85. Sixty-one percent of providers said they expect to make greater use of third-party patient financing over the next two years, according to a study from management consulting firm CWH Advisors.

  86. A new case study found two infants born to mothers infected with COVID-19 suffered brain damage and offers the first direct evidence the SARS-CoV-2 virus can cross the placenta.

  87. In a large hospital in London, removing mask rules for visitors and staff did not result in a "statistically significant change" in the rate of COVID-19 infections.

  88. An analysis of 40 interviews of healthcare executives published by consulting firm CWH Advisors found that 63 percent of providers were dealing with revenue cycle staffing shortages.

  89. About 4 in 10 nurses in Michigan are planning to leave their roles in the next year, according to a study published in the journal Medicare Care.

  90. Generation Z is the age group flipping the workforce by demanding flexible work arrangements — or so the narrative goes. But recent data shows that older workers, not younger ones, are most likely to reap fully remote jobs. 

  91. Despite high inflation and a potential recession, new unemployment claims decreased 7.3 percent week over week on March 27.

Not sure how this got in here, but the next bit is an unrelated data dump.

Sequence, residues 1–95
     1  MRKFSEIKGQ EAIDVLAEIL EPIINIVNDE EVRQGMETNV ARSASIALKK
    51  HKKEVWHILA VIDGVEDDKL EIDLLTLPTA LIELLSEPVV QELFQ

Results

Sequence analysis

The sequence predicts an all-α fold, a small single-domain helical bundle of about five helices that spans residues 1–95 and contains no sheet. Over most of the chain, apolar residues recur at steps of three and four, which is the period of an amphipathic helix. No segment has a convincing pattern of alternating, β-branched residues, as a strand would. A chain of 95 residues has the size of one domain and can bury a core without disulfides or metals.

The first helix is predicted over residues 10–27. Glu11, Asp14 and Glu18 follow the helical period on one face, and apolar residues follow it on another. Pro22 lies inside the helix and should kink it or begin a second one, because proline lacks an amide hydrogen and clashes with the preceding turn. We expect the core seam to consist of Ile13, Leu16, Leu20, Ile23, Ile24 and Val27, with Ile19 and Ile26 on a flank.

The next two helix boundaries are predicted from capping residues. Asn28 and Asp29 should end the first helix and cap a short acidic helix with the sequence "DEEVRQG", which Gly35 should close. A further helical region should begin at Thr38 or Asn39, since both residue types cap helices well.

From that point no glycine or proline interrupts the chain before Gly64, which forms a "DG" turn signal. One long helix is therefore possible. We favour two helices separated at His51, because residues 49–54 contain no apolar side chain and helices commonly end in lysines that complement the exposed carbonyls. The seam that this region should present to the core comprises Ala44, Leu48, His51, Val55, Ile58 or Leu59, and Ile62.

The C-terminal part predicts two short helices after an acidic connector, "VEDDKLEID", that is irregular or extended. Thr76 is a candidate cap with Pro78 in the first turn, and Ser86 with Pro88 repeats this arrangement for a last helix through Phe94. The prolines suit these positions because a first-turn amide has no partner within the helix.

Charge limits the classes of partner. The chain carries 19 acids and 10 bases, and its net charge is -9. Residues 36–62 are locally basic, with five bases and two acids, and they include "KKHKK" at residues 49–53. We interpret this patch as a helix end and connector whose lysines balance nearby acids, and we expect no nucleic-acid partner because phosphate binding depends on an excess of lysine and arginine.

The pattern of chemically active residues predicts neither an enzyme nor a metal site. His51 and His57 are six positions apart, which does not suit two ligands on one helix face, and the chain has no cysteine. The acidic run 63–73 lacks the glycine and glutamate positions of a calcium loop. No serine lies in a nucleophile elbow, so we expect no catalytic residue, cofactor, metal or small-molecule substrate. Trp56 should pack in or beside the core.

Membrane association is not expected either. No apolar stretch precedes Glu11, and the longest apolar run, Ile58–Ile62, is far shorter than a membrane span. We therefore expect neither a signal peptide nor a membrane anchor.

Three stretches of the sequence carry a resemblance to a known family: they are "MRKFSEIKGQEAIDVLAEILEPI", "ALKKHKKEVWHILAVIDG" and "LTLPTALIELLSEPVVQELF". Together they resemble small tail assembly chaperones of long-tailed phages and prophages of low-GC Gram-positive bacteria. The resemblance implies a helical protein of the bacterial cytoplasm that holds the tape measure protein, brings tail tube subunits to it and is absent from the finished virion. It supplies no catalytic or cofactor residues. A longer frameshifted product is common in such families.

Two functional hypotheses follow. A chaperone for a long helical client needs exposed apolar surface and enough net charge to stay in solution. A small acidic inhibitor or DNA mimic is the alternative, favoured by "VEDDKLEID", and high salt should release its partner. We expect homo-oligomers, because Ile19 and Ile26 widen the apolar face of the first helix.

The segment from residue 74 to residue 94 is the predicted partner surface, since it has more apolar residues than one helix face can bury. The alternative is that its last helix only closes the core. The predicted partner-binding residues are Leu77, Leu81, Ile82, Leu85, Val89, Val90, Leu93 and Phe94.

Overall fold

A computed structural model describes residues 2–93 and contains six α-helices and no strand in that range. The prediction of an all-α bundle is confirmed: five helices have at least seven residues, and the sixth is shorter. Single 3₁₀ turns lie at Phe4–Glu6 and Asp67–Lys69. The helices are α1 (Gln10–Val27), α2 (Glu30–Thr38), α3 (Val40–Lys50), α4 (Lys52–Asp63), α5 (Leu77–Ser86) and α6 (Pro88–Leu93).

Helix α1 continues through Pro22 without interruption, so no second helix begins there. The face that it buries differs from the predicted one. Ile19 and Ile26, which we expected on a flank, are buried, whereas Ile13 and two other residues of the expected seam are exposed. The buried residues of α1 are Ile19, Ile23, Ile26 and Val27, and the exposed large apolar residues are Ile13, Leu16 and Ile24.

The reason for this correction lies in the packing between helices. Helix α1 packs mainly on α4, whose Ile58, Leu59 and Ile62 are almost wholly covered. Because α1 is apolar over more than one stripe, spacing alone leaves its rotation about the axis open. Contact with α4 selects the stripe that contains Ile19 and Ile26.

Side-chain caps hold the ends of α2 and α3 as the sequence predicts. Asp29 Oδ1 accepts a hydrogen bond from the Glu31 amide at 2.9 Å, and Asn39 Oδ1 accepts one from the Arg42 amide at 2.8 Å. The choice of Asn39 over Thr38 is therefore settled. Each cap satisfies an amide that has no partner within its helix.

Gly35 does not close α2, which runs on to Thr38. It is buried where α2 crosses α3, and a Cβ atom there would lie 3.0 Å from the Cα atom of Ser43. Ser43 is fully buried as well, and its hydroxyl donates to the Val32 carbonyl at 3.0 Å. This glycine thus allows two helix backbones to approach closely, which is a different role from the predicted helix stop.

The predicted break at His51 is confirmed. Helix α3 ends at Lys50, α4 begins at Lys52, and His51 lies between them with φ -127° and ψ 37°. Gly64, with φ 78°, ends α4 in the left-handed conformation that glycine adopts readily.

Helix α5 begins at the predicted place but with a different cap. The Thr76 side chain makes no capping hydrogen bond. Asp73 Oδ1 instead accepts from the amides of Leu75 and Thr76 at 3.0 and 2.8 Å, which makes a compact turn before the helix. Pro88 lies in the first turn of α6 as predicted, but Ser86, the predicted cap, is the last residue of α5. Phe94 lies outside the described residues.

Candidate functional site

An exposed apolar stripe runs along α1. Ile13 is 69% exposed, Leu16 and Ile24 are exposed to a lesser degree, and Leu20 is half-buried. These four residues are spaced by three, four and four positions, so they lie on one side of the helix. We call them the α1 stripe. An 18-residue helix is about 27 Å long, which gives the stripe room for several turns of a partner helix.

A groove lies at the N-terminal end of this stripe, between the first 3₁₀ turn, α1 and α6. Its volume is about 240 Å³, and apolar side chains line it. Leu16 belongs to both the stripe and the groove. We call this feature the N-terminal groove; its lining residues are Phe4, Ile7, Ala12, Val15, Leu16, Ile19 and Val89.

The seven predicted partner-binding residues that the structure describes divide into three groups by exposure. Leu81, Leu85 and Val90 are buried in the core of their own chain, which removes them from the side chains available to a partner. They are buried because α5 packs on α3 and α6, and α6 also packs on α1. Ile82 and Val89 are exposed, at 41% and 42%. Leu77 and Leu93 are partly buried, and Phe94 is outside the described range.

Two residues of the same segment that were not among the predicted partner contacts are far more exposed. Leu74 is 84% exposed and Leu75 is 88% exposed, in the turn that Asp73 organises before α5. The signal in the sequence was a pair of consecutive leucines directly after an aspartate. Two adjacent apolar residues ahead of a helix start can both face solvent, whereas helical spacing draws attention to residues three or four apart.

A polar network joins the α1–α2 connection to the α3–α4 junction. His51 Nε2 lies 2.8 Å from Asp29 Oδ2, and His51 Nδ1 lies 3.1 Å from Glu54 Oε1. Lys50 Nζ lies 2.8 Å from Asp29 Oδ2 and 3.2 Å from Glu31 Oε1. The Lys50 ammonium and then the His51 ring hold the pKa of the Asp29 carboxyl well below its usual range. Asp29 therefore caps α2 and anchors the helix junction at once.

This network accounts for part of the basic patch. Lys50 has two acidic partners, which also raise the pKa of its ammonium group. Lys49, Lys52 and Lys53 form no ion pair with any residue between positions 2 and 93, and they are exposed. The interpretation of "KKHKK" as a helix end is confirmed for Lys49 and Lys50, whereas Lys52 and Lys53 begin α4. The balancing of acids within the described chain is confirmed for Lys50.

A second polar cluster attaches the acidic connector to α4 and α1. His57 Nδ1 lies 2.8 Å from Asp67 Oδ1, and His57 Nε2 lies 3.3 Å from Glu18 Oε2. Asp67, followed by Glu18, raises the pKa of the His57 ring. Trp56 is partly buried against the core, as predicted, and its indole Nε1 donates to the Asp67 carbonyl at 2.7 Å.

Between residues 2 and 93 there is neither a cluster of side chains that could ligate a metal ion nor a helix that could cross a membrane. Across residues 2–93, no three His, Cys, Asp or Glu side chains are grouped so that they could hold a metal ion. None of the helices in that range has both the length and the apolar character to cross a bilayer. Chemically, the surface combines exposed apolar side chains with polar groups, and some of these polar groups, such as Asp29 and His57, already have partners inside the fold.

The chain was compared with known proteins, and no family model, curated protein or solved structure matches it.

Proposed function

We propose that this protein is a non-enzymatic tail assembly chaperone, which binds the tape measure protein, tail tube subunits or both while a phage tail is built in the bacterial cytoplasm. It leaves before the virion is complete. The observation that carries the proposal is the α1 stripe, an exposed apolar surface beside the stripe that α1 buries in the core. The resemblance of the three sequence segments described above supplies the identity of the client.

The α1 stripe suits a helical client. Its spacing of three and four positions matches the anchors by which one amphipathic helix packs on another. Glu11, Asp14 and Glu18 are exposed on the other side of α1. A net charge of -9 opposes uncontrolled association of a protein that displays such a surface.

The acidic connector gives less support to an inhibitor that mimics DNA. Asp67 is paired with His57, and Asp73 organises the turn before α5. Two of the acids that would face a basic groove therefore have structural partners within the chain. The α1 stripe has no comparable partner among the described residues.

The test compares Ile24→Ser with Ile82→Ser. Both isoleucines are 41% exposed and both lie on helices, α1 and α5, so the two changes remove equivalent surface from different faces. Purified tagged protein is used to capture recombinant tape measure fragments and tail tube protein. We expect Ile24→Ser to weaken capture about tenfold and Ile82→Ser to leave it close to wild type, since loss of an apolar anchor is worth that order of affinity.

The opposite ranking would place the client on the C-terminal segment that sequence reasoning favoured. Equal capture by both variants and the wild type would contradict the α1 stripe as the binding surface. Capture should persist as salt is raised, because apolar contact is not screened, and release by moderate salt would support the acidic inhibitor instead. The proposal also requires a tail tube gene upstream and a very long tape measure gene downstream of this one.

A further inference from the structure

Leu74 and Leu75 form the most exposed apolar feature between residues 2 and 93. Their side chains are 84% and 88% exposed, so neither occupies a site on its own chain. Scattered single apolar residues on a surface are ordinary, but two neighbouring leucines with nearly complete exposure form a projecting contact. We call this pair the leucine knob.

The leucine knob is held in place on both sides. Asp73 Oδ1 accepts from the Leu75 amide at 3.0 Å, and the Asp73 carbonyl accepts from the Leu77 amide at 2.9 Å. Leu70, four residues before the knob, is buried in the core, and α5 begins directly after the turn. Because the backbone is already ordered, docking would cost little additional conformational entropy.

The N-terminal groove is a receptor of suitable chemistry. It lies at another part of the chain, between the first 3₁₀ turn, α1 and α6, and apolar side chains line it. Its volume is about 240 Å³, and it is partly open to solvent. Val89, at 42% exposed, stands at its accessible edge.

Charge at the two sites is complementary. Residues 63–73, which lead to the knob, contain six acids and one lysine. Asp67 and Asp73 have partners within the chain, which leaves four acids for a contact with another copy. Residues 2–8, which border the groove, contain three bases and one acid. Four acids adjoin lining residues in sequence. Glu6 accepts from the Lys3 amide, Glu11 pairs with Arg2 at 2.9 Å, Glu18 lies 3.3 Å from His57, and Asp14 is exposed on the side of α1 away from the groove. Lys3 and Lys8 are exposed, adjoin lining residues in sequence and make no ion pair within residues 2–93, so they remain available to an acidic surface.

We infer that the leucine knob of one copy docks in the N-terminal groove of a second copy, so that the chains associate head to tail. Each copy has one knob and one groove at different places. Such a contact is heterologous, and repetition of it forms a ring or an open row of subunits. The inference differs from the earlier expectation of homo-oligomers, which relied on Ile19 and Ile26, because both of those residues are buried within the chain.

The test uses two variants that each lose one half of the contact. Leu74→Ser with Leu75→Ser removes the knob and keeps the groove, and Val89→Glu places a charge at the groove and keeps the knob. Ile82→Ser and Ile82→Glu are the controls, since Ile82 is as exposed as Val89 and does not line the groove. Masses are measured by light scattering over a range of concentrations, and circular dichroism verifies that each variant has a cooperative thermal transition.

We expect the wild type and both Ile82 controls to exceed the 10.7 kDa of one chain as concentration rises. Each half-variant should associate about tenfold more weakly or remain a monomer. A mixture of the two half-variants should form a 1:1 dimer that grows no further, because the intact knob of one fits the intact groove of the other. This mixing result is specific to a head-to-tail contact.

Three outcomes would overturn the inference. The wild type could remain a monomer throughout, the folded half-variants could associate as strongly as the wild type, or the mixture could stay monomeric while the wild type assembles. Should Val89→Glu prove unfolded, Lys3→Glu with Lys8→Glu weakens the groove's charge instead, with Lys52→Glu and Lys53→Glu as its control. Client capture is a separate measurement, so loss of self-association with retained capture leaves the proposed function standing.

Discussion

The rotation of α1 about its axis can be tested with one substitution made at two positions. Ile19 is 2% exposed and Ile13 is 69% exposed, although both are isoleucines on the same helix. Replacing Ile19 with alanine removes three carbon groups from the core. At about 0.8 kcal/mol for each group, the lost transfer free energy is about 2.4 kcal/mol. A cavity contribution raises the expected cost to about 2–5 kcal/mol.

92. A recent study found cardiologists agree more with an artificial intelligence-guided assessment of echocardiogram images than sonographers'.

  93. A survey of 1,004 American adults from digital health company Kilo Health found that 82 percent of Americans have tried health advice they found online.

  94. In hospital maternity departments that care for high-risk patients, nurse-to-patient ratios are not always consistent with national nurse staffing standards. 

  95. Hospitals often charge lower cash prices than negotiated payer rates for the same service, a study published in the April issue of Health Affairs found.

  96. Nonprofit hospitals that pay their board members are associated with providing less charity care than hospitals that do not compensate their trustees.

  97. Almost all U.S. hospital websites are sending patient data to third-party companies such as Alphabet, Meta and Adobe.